When an activity isn’t available for most of the year it makes it that much more intriguing. The Wairoa River, just out of Rotorua, is only open for rafting for 26 days when the hydro power station shuts down releasing the dam. Gallons of white water create heart yanking drops and turbulent rapids as you paddle like mad down the river sandwiched by a stunning steep rocky gorge. It’s one of the best grade five trips and is truly scary as. Book early with Kaitiaki adventures or if you miss out then raft the nearby Kaituna River and roar over the highest commercially rafted waterfall in the world.
If you like adventurous mountain biking you’ll find trails to shred the gnar all over the country but the brilliance of Whakarewarewa Forest is that it has some of the best single track trails in the country so much so that they held the world champs a few years ago. With 150km of sprawling master crafted tracks surrounded by Giant Redwoods, there are plenty of rooty technical trails, jump lines, kickers, and extreme action to channel your inner Danny MacAskill. If shredding downhill is your thing, save your energy and catch a shuttle up. You can ride for hours in Whakarewarewa Forest and not hit the same trail.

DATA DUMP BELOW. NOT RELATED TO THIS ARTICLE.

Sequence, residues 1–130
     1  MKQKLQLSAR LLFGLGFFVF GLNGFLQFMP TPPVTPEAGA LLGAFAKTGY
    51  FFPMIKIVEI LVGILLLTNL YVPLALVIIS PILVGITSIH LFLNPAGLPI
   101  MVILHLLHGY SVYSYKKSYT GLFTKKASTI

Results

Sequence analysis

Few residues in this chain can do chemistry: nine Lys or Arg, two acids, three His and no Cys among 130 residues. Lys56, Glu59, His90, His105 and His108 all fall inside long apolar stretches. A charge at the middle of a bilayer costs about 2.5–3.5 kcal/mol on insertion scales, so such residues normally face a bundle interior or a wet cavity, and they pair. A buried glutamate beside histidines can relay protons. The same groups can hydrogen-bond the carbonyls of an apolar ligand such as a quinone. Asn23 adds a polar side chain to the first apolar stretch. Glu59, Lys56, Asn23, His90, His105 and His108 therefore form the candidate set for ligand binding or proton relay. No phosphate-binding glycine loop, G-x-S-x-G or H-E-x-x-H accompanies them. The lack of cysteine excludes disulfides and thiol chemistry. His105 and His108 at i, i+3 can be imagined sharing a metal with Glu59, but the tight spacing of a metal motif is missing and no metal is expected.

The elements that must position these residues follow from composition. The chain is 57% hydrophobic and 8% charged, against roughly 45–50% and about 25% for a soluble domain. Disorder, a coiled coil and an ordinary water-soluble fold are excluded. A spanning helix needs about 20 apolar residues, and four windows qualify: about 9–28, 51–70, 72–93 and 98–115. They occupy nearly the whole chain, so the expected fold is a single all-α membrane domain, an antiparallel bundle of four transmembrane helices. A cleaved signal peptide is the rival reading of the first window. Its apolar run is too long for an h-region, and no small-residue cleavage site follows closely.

Imagine approaching the island in Jurassic Park but instead of green slopes its alive with molten lava and smoke plumes 24/7. White Island is the only active marine volcano in the Southern Hemisphere that people can set foot on, and here you can walk up to the crater as well. You know something’s dangerous when you sign your life away beforehand – if the fuming island blows then you’ll go too! You can fly, chopper or boat over (check out wi.co.nz to find out the best option for you), but if you’re only doing one heli trip in New Zealand then save it for something else. The boat trip’s reasonable and often you see dolphins along the way.